Marx-Engels Correspondence 1859

Marx To Ferdinand Lassalle
In Berlin


Source: MECW Volume 40, p. 429;
First published: F. Lassalle. Nachgelassene Briefe und Schriften, Stuttgart-Berlin, 1922.


London, 5 May 1859
9 Grafton Terrace, Maitland Park, Haverstock Hill

Dear Lassalle,

From the enclosed letter dated April 12, which I should like to have back, you will see that there is a very considerable difference between the terms offered me by your cousin Friedlšnder and the terms you originally communicated to me. Nevertheless I replied by return accepting them. I merely noted:

1. that I could not make disbursements for telegrams, a point, by the by, that hardly needed mentioning and had been anticipated in your letter;

2. that, if we came to an arrangement, I should like (though I did not make it a conditio sine qua) to be able to draw on them with a banker here for articles, etc., sent, as is done in the case of the Tribune.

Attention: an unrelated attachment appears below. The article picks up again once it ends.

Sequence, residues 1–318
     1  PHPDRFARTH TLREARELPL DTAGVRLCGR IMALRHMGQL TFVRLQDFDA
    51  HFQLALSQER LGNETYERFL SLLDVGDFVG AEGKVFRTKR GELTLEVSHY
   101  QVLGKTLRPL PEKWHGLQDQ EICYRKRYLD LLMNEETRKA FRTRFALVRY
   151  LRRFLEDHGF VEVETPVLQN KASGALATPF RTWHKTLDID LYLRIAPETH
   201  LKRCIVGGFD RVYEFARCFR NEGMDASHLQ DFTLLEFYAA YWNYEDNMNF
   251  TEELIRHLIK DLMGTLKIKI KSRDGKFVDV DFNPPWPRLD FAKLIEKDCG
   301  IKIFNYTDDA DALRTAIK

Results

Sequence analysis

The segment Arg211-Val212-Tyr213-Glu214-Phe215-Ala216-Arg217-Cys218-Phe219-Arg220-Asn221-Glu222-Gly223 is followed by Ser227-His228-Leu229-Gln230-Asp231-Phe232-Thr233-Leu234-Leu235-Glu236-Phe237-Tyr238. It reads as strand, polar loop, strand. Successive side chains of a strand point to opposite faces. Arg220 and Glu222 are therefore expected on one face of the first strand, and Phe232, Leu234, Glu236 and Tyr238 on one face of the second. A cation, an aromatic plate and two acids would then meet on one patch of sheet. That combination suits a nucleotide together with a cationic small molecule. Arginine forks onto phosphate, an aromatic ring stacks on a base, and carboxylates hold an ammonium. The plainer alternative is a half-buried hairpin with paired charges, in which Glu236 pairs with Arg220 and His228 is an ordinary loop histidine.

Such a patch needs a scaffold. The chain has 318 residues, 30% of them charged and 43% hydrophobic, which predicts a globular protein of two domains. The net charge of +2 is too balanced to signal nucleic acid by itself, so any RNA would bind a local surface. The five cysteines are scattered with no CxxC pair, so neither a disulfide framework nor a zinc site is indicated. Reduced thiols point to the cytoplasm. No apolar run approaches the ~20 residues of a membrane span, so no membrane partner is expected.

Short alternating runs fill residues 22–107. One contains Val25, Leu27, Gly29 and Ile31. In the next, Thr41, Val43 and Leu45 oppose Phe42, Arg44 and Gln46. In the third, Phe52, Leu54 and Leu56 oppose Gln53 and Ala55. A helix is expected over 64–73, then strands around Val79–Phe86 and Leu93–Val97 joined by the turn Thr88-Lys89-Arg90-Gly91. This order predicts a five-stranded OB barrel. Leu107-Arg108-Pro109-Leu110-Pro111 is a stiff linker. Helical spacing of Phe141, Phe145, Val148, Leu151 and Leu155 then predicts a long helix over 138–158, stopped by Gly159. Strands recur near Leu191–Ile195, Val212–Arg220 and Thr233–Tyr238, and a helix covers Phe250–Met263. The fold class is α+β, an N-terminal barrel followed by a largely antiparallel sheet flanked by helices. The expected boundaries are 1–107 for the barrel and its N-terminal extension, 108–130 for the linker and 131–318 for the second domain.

So far there has been no answer, which I find strange. If the editors have changed their minds, they might have had the decency to inform me. As you are aware, I did not in any way thrust myself forward in this matter. But, having accepted, I made one or two preliminary approaches to English newspapers, etc., and I am specially anxious not to be compromised in the eyes of these people and other acquaintances whom I have informed of the matter for business reasons. That I, for my part, have not yet sent off any article is only natural, since there is still no firm engagement.

The elections here have not, alas, turned out to be sufficiently Tory. Had this been the case there would, by and by, have been the beginnings of a revolutionary movement here. Palmerston’s return to the Foreign Ministry can now, after some shuffling be regarded as certain and hence Russia will again be in direct control of English policy.

Salut.

Your
K. M.